One last point that is too often neglected: It is critical that your employees — at all levels — are brought into the branding and positioning process at the earliest stage. They already have a perception — for better or for worse — of your company and its products. They also may be on the "front lines," interfacing directly with your prospects and clients, and may have valuable insight on how you are already perceived within the marketplace. In order for your brand positioning to be effective, it has to reach every area of your company, and be a part of every customer interaction. In order to have a strong brand, even your receptionist must know the central values, and these values should guide their day-to-day behavior. With proper employee alignment, each and every person in your company will deliver a consistent brand experience to each and every prospect or customer with whom they come in contact. And as a result, your prospects and customers — and the marketplace — will begin to regularly associate your products and your company with the values you've established!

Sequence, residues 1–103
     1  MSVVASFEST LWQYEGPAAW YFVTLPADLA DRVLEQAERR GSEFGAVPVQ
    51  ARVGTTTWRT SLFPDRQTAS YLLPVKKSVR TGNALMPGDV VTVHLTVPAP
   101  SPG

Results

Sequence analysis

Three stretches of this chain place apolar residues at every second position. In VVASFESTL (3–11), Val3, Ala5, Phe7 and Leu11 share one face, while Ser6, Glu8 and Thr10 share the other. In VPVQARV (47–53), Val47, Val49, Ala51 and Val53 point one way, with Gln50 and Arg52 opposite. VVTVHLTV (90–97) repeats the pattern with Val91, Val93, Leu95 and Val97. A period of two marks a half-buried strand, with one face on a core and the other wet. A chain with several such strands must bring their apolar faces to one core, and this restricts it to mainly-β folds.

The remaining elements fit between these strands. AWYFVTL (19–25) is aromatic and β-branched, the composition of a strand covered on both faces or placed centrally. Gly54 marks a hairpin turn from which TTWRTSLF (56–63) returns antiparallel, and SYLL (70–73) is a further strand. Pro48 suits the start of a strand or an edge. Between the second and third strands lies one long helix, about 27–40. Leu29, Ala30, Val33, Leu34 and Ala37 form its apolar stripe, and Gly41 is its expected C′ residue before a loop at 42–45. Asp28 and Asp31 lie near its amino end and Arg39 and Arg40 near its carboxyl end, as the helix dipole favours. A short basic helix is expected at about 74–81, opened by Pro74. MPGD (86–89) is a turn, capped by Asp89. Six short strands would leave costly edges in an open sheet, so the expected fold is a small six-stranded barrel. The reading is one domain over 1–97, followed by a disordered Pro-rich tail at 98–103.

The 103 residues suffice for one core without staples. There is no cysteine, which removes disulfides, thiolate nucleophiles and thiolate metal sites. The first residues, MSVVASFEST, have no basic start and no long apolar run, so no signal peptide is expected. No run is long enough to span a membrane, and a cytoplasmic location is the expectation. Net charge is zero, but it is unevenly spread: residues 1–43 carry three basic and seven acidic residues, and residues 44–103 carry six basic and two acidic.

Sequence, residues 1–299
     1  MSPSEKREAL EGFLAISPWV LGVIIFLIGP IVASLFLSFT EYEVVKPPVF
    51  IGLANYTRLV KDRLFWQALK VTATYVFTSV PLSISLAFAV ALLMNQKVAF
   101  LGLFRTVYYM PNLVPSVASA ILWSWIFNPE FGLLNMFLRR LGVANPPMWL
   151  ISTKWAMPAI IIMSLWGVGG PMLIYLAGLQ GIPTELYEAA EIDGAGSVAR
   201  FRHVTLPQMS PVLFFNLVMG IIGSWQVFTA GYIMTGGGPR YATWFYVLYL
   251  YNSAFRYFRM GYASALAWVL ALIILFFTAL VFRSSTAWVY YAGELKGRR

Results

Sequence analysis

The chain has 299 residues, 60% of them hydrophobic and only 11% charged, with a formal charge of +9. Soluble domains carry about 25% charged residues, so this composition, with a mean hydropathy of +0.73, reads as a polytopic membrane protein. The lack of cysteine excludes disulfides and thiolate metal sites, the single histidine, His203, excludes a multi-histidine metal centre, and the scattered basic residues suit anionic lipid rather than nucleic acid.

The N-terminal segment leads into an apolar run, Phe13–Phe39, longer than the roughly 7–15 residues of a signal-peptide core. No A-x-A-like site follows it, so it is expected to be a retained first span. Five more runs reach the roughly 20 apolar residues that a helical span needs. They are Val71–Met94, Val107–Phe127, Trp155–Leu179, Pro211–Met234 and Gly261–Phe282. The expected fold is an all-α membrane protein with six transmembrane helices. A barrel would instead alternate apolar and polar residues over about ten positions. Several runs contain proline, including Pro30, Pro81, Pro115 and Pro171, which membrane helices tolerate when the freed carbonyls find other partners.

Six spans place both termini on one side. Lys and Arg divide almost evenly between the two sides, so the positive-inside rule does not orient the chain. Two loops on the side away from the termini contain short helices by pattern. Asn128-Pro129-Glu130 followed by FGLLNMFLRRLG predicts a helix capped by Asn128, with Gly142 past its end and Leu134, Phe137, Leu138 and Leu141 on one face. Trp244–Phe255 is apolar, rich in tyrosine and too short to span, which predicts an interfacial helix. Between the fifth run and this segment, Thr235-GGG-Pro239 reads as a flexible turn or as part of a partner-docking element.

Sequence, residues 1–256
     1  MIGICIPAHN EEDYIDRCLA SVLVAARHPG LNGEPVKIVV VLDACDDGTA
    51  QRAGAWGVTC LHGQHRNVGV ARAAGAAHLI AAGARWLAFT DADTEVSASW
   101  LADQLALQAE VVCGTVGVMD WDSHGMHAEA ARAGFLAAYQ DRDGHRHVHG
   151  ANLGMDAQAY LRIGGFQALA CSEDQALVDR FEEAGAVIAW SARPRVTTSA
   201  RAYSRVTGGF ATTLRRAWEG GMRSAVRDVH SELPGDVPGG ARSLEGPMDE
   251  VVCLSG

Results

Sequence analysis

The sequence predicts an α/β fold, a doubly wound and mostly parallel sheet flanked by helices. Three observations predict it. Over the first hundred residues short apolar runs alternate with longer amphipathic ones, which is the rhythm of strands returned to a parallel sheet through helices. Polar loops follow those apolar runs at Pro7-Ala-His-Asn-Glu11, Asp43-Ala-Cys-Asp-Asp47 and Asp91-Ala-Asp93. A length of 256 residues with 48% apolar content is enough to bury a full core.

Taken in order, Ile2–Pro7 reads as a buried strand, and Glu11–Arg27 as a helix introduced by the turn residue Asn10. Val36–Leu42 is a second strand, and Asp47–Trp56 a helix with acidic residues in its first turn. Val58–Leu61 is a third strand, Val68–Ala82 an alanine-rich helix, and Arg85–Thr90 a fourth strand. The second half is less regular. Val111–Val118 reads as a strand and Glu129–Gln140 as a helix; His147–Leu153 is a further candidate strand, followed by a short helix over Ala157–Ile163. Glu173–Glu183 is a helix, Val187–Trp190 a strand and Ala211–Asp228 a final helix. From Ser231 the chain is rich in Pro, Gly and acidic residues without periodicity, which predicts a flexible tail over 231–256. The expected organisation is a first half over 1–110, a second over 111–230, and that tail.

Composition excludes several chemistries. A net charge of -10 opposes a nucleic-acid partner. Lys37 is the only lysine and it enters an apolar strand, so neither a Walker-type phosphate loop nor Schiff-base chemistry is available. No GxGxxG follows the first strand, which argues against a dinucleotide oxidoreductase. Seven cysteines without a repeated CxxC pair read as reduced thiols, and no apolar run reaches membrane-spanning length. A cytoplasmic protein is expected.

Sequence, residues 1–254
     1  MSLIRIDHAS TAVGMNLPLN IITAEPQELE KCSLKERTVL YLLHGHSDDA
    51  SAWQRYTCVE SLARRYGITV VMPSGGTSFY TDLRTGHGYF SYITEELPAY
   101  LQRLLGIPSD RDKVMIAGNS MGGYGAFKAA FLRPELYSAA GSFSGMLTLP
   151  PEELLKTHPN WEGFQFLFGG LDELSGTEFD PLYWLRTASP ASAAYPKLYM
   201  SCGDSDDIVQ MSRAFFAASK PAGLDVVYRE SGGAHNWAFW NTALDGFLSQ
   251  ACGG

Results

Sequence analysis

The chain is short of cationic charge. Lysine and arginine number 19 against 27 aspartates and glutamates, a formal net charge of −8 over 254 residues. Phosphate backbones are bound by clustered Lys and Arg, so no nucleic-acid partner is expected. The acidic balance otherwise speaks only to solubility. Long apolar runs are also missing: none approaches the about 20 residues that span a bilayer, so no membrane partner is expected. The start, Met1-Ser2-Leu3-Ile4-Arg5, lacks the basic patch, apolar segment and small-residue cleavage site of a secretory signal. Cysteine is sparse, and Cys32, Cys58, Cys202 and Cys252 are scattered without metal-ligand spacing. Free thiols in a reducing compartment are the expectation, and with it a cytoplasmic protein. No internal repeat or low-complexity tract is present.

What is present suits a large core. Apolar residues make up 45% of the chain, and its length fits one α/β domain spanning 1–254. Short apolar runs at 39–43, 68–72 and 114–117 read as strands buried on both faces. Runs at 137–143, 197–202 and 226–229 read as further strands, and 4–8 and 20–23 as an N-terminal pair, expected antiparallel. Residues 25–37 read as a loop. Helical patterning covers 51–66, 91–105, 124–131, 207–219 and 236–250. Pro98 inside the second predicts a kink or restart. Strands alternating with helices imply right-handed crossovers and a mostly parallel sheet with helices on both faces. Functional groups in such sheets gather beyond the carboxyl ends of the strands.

Well Worth the Effort

Virtually every strategic marketing activity — from naming, to collateral development, to packaging, to PR, Media, and Analyst Relations — depends on having a clear and concise brand position. A well-conceived — andconsistent — brand and positioning strategy creates a strong brand equity, which is the added value brought to your company's products or services that enables you to charge more than what can be charged by similar, unbranded (or poorly-branded) products. An obvious example of this would be Coke versus a generic or store-brand cola. Because Coca-Cola has built such a powerful brand equity, it can charge more for its product — which is why customers willingly search-out Coke, and will pay a premium price. Position your company and its products correctly, and you will quickly build awareness and enhance profitability!

Hopefully, this article has provided you with some useful information that can help you in properly positioning your product or service.